The term pressure-treated timber is all over our website and is heavily featured in the world of fencing. However, it is not often addressed what this actually means. This blog post will go through the definition of timber itself and go into more detail about what it means to be treated.
Firstly, timber is classified as wood which is used for building houses, furniture, fences, etc. The other part of the definition is that you can use timber to speak about trees which are specifically grown to be used in building or construction. Whilst timber is a word which is all over the internet, the definition is often not present and therefore can lead to confusion.
Secondly, pressure-treated timber is often briefly mentioned but often not expanded on. Saying that timber is treated sounds great but what does it mean? Pressure-treated timber is wood which has been subjected to chemicals to try and increase its lifespan. It should also be noted that tanalised timber is the same as pressure-treated timber, tanalised just refers to the most commonly used chemical which is Tanalith.
The two main types of pressure-treated timber are UC3 and UC4.
UC3 – The wood is placed in a large tank or container which is then sealed to create a vacuum. Once there is a vacuum the chemicals are then pumped into the tank. The vacuum forces the chemicals into the wood, to a depth of a few millimetres.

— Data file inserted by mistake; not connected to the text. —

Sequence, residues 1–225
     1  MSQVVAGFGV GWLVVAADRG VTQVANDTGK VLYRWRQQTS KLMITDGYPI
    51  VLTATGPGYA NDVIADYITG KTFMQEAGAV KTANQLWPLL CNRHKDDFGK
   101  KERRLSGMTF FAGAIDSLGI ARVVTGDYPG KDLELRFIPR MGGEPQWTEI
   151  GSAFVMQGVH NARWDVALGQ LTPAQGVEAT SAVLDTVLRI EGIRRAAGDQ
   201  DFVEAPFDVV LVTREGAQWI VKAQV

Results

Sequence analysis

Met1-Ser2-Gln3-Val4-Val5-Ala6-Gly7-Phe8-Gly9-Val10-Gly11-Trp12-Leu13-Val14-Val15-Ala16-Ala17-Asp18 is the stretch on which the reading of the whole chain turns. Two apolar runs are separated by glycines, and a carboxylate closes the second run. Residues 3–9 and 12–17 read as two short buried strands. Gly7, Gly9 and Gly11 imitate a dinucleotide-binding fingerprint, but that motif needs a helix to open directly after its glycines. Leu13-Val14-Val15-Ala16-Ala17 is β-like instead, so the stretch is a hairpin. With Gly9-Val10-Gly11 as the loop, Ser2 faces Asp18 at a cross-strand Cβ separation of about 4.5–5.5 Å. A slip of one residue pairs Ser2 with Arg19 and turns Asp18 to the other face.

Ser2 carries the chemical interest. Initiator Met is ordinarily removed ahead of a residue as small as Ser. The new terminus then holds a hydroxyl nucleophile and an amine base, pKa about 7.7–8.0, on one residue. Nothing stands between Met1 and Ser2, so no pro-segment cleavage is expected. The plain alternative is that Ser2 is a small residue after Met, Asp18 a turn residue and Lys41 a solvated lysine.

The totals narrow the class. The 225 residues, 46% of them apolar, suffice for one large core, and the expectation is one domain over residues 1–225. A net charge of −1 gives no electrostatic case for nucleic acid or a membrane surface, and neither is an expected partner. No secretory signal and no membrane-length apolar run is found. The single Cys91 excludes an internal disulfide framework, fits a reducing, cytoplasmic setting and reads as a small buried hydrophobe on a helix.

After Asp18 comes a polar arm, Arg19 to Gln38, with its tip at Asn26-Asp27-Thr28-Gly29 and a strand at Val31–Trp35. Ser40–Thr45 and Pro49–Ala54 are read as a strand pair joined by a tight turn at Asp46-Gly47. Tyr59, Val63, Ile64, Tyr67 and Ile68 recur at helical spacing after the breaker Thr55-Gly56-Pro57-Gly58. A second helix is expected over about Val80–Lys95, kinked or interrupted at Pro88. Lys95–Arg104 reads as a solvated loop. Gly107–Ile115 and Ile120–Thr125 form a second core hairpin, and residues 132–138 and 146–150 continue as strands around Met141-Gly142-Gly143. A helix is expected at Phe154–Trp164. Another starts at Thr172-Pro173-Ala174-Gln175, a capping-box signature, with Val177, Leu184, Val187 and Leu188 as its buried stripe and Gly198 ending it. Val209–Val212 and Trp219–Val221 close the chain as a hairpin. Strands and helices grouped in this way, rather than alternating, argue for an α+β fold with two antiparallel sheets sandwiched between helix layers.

UC4 – The process of UC4 is identical to UC3 treatment apart from the preparation of the wood. The timber is first kiln-dried so that the moisture content is only 28%. This allows the chemicals to penetrate the wood deeper and therefore increase the lifespan of the wood.
There is one more piece of help related to pressure treated timber, you may see the term pressure treated green given as the colour for some products. The green aspect comes from the fact that the chemicals contain copper which reacts with the oxygen in the air and can cause a slight green tinge in areas. However, if a product is described as pressure treated green it will still have a natural wood colour and won’t actually be green. The degree of green will vary from product to product but it will never be the primary colour so you can buy your treated timber boards or pressure treated green fence panels with peace of mind.
As a final point, having timber which has been properly treated is essential. The reason behind it is that you must remember that your fence is exposed to the elements 365 days a year and it needs all the protection it can get. If wood is left without protection, then the wind and rain will break it down at a much faster rate than if it was treated. The addition of more timber treatments or paints once the fence has been constructed will help increase the natural lifespan of the wood further, but they are not essential.
We hope this blog post was helpful and that you have all the information you might need to construct your fence. If you have further questions or need any more advice, don’t hesitate to get in touch at email@example.com or call us on 01980 669900.